SOUTHERN PINES, N.C. – Humility, dedication and a couple of big hearts can best describe the two men heading to the Carolinas Golf Hall of Fame in 2018.
Bobby Long, a Greensboro businessman who is credited with helping save the PGA Tour stop in Greensboro a decade ago, and David Strawn, a champion of junior, college, amateur and senior golf for more than five decades, will be honored this spring at a banquet in Southern Pines.
They join a Carolinas Golf Hall of Fame that includes such names as Arnold Palmer, Peggy Kirk Bell, Donald Ross, Billy Joe Patton and Harvie Ward.
Long, chairman of the Piedmont Triad Charitable Foundation, convinced Wyndham to sponsor the PGA Tour event in Greensboro with a $25 million letter of credit. The Wyndham Championship has since been transformed in a move back to Sedgefield Country Club in large part to the vision of Long.
“When I heard the news that I was being inducted into the Carolinas Golf Hall of Fame I felt completely unworthy because basically my deal has been to be a cheerleader, and all these other people do the work, and do it in such a wonderful way,” Long said. “I am in awe of them, certainly not of me.”
Long, 62, stepped in to help one of the nation’s oldest PGA Tour events when no sponsor arose in 2007, helping form a regional coalition of business leaders that included support from not only the Greensboro area, but High Point and Winston-Salem.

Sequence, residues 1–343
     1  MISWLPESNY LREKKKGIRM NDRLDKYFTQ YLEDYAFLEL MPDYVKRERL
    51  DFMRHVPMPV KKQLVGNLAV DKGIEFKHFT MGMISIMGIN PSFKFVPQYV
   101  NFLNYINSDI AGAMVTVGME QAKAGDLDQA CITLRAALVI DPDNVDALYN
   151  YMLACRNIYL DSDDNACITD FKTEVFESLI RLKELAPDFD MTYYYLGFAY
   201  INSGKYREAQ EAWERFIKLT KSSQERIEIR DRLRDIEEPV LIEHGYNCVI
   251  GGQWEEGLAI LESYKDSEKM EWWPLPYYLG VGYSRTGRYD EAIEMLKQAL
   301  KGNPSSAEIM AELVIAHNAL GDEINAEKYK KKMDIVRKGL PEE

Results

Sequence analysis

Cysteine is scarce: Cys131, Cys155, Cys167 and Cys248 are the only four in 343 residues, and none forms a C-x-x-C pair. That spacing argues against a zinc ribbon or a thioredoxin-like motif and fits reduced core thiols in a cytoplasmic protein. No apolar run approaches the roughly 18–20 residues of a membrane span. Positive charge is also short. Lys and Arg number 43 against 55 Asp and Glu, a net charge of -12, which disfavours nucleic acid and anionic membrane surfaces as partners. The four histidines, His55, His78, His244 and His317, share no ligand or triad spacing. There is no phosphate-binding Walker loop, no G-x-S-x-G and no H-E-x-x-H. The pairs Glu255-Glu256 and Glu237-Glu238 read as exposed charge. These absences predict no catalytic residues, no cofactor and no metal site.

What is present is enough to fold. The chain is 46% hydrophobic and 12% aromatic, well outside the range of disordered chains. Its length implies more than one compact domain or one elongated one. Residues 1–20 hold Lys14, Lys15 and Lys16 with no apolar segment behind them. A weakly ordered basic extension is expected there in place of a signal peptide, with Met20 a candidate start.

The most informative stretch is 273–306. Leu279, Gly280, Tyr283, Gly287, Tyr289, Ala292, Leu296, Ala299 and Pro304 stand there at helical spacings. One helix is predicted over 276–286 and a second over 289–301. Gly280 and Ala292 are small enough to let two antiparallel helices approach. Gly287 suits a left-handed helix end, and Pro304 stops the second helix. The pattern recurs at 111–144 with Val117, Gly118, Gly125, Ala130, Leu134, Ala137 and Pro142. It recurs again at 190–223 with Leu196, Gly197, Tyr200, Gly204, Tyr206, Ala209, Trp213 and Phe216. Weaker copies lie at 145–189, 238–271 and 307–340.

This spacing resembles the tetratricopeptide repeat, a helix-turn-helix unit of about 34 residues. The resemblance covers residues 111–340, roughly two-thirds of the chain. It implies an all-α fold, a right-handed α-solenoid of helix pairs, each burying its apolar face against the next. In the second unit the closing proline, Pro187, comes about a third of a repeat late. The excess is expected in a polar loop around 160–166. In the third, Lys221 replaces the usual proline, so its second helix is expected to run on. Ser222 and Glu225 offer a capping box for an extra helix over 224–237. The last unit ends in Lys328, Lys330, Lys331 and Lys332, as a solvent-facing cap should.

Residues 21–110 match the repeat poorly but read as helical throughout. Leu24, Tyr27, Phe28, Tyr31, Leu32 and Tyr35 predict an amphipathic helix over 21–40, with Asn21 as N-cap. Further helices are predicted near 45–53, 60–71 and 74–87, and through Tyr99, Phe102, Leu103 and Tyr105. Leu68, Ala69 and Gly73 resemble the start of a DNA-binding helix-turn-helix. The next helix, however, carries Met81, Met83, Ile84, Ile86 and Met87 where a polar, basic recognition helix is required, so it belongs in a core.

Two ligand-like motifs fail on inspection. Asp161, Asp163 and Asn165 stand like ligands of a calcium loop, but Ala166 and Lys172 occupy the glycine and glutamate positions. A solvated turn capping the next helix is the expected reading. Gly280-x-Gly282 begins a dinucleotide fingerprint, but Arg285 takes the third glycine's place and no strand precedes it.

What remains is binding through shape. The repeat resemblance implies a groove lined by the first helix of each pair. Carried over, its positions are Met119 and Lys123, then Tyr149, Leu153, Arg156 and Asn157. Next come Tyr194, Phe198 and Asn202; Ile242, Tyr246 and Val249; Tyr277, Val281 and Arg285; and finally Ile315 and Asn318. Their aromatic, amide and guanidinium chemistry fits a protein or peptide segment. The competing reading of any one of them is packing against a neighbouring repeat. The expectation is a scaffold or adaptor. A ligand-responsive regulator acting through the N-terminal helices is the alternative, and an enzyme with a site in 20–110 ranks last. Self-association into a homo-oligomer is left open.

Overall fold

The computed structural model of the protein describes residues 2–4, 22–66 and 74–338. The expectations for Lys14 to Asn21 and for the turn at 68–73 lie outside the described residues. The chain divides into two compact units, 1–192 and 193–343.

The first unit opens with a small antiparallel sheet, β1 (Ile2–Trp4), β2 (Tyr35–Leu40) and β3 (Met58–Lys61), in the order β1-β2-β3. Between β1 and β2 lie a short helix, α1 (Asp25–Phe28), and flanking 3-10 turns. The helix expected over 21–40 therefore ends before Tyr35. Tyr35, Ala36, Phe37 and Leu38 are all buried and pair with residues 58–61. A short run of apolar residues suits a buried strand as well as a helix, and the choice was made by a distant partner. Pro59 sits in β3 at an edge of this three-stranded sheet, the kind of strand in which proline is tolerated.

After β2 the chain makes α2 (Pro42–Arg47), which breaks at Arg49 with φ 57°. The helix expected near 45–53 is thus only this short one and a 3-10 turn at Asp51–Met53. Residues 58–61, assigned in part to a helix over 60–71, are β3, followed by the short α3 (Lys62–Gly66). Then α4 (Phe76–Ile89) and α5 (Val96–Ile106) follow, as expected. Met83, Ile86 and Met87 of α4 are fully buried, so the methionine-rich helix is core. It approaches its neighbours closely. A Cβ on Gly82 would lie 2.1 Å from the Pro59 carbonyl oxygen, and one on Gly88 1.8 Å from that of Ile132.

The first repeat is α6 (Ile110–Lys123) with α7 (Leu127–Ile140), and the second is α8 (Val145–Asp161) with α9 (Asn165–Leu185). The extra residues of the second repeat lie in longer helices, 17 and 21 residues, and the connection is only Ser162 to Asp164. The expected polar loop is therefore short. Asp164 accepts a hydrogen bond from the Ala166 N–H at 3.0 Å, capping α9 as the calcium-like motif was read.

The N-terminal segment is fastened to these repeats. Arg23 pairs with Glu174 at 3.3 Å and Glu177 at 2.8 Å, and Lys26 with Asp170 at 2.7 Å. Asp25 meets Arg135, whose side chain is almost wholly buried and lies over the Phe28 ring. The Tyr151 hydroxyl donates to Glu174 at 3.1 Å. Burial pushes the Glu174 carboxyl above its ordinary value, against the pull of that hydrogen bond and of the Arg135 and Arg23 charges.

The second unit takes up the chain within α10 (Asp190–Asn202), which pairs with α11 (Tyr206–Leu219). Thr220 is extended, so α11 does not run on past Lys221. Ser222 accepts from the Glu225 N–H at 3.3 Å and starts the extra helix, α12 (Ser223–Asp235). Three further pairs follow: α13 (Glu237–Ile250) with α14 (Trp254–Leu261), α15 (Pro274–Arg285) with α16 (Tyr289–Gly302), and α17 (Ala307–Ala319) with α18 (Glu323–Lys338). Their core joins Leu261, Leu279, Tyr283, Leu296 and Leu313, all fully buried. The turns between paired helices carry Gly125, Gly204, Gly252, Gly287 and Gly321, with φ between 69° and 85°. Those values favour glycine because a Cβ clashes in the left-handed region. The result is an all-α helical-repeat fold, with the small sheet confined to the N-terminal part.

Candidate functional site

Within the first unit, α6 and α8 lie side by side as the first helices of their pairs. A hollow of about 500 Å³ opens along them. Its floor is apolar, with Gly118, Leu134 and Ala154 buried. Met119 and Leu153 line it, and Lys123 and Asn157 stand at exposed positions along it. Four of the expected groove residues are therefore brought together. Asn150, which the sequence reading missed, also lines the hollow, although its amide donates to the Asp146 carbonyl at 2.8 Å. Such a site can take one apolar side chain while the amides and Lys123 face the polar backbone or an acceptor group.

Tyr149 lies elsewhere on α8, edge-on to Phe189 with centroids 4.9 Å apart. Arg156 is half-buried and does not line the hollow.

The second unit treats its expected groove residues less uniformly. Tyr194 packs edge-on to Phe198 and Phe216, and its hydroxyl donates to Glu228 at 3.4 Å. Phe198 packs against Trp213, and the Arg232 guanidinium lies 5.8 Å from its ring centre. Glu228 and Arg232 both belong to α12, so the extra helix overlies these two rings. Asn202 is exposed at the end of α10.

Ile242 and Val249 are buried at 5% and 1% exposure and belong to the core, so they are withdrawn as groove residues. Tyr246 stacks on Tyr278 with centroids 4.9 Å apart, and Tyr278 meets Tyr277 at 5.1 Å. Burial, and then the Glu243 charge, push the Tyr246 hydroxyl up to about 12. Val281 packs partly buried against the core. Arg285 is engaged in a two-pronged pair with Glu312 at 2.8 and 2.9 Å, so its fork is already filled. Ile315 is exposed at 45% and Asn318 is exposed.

“While the tournament name included the word ‘Greensboro’ since it was created in 1938, Bobby saw a bigger picture – an opportunity to use the Wyndham Championship to promote Piedmont Triad regionalism and market the metropolitan statistical area as a great place to live, work, expand or start a business,” said Wyndham Championship tournament director Mark Brazil. “As the regionalism effort began to gain footing, companies that would never have done so if it remained a Greensboro event began joining as tournament partners.”
The CBS Sports broadcast of the Wyndham Championship now reaches nearly a billion people in 225 countries in 32 different languages.
“Mark (Brazil) and his team are incredible, and have been relentless in everything,” said Long, who grew up playing golf at Alamance Country Club. “They really do all the work, but then look at the community leaders, because the old GGO was predominately Greensboro and now the vast majority of the money comes from outside of Greensboro. I can’t sing their praises enough.”
“The world gets a look into the Piedmont Triad region of North Carolina, and that kind of exposure of golf in the Carolinas is truly priceless,” added Brazil. “When Bobby saved our PGA Tour event, he also saved many charitable organizations that benefit from it each year. Had the tournament gone away, their donations would have followed.”
One such organization is The First Tee. Long is one of the top donors for The First Tee of the Triad and is perhaps THE major donor of the First Tee of Wilmington.
“I’ve been pretty fortunate, so think about these kids who don’t necessarily have the same access and opportunity like I did,” Long said. “It’s a wonderful thing to try to enable them to have the same chance I did. I was sort of born on third base by comparison. Why not try to give them a shot?”